Other reasons (besides the ones that Russ well illustrates in his blog) that I have found include migration. Any migration tool that is migrating from Windows NT 4.0 will need to be able to resolve the NetBIOS name of the hosts in the Windows NT 4.0 domain as well as the domain entries themselves. Trust me, you don't want to be distributing LMHOSTS files on an enterprise-sized network.

Some good references for this include:

Sunday, August 21, 2005

Thinking about upgrading from Exchange 5.5? Your thoughts wanted?

I'm working on a full-day, pre-conference presentation for the Exchange Connections 2005 conference in San Diego. From the amount of postings I see in the newsgroups, there is still a lot of questions related to Exchange 5.5. This tells me a lot of organizations have not yet made the leap to a newer version of Exchange.

So, my question to you is: why? I agree the platform is fairly stable and does what it is supposed to do. What are the other reasons that you (as the Exchange admin / guru/ dude / dudette) are encountering resistance in getting underway with an upgrade? I'd like to hear your thoughts. E-mail me at exchange24seven (at)

For those of you that are San Diego bound and in the market for an Exchange upgrade, I hope you will consider attending my session: Exchange 5.5 to 2003 Migration on October 31 (Monday). Below is a session abstract. I'll try to get an outline of the session posted soon.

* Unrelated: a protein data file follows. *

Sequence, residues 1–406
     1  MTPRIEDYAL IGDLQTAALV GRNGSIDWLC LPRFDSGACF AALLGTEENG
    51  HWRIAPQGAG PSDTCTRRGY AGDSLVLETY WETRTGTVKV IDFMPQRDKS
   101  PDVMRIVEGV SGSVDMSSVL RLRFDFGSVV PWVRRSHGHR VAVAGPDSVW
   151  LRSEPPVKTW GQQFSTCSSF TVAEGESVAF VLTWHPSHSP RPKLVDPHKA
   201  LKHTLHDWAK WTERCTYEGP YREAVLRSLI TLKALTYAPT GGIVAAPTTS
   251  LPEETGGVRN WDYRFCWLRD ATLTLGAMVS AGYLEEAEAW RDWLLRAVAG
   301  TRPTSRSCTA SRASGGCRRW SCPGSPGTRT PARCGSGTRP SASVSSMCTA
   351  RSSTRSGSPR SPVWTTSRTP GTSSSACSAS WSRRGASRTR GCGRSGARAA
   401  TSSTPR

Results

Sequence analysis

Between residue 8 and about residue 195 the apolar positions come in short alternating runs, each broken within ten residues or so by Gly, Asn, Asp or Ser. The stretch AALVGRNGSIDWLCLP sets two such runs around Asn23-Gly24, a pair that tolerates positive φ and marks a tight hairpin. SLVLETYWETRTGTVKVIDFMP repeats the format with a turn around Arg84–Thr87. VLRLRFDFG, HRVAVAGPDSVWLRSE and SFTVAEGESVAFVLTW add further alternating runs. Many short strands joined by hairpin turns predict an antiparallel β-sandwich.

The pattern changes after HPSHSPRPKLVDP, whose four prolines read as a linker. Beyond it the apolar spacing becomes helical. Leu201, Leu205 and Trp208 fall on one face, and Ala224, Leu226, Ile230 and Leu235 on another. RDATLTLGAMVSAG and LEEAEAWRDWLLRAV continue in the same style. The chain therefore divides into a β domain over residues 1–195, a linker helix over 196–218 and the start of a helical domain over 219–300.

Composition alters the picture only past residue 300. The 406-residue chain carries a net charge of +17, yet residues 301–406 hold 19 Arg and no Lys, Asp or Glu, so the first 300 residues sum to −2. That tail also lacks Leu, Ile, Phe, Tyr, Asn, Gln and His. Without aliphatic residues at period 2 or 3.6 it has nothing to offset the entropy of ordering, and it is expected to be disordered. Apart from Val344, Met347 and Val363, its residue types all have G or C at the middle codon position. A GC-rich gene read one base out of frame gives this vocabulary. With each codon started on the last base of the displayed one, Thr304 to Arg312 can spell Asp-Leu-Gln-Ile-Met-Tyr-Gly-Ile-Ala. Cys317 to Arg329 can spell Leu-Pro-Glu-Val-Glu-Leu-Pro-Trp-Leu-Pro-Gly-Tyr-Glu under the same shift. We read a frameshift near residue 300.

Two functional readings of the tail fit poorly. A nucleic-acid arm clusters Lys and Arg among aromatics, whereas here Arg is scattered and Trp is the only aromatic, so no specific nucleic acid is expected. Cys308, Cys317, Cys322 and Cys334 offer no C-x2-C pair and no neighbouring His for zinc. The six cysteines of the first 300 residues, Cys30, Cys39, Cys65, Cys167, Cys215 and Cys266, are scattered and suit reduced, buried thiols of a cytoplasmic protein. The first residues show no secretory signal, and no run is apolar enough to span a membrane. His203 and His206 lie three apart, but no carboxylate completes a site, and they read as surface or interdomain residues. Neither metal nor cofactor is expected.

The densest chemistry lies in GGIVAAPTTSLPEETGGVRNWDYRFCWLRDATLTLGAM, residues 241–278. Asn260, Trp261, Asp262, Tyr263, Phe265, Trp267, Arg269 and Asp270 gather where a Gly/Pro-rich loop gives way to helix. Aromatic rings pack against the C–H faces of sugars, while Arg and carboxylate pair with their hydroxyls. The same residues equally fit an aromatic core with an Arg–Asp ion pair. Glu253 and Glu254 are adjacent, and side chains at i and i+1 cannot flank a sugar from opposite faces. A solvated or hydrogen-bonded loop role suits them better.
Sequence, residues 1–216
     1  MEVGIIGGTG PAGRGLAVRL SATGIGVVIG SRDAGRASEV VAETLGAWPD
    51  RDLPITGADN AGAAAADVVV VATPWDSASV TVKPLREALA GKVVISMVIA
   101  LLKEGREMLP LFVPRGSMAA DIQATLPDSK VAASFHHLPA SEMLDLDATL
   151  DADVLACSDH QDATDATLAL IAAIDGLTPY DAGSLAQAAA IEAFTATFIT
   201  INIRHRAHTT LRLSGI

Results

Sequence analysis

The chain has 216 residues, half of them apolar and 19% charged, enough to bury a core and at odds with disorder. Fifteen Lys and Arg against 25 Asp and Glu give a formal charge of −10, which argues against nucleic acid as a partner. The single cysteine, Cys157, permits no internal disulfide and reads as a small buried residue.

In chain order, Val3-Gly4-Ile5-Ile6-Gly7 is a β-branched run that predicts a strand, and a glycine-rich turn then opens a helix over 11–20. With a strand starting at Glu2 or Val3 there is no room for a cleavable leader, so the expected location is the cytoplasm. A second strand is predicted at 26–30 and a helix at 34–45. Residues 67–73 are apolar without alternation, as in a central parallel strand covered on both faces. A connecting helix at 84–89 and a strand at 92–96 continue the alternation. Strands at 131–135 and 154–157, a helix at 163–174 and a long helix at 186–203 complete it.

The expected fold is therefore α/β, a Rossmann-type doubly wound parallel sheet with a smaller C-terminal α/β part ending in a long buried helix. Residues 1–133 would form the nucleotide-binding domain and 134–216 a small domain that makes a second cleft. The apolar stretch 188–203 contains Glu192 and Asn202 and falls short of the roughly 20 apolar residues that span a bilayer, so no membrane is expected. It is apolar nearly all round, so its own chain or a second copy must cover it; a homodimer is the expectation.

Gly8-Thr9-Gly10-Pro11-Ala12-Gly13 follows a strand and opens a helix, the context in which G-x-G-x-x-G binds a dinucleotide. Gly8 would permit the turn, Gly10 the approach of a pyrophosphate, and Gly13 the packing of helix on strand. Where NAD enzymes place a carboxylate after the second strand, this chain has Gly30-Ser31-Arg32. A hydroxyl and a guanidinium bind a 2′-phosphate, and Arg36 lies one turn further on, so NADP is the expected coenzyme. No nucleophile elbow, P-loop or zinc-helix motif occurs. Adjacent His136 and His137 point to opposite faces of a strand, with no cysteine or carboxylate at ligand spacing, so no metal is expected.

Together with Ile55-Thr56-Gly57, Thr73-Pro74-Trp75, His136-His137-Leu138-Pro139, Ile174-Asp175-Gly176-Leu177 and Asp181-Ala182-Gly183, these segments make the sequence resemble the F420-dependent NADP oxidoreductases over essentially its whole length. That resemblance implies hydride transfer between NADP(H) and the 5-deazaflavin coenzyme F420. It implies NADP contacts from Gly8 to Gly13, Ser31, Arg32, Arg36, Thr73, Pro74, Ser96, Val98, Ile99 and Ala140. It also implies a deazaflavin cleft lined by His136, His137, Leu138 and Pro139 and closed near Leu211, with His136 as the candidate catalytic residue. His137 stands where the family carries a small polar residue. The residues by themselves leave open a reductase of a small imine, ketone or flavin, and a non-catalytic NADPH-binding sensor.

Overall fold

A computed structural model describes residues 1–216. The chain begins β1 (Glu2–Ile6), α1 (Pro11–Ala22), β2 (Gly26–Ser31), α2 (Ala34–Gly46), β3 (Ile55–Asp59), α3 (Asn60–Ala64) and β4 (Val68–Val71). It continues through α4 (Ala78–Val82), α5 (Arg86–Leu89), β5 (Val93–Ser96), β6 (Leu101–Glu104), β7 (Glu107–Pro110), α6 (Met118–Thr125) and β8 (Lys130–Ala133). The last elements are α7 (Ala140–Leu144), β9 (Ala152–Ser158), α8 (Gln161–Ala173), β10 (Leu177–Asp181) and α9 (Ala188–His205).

Even though Exchange 2003 has been released for more than a year, many organizations are still debating whether or not they should upgrade. A recent survey of Exchange administrators found that over 60% of Exchange installations are still using Exchange 5.5. Once the benefits and features of Exchange 2003 are reviewed, often a number of compelling reasons are found to upgrade.

Exchange 5.5 to Exchange 2003 migration is one of the hottest topics in seminars, books, and newsgroups. There are many paths to choose from and most administrators don’t know which migration path best suites their Exchange organization.

This all-day pre-conference session will cover differing a approaches to Exchange 5.5 to Exchange 2003 and the tools necessary to complete different types of migrations. Third party tools, address list synchronization, and sharing a single SMTP address space. Regardless of where you are in the decision or implementation process, this session will help answer some of those nagging questions and give you tasks to complete for a successful migration.

The first part of the session will include information about performing migrations and choosing the best approach for your situation and your budget. The major third party vendors will be reviewed along their strengths and weaknesses. The second part of the session will include a demonstration of swing migration start to finish.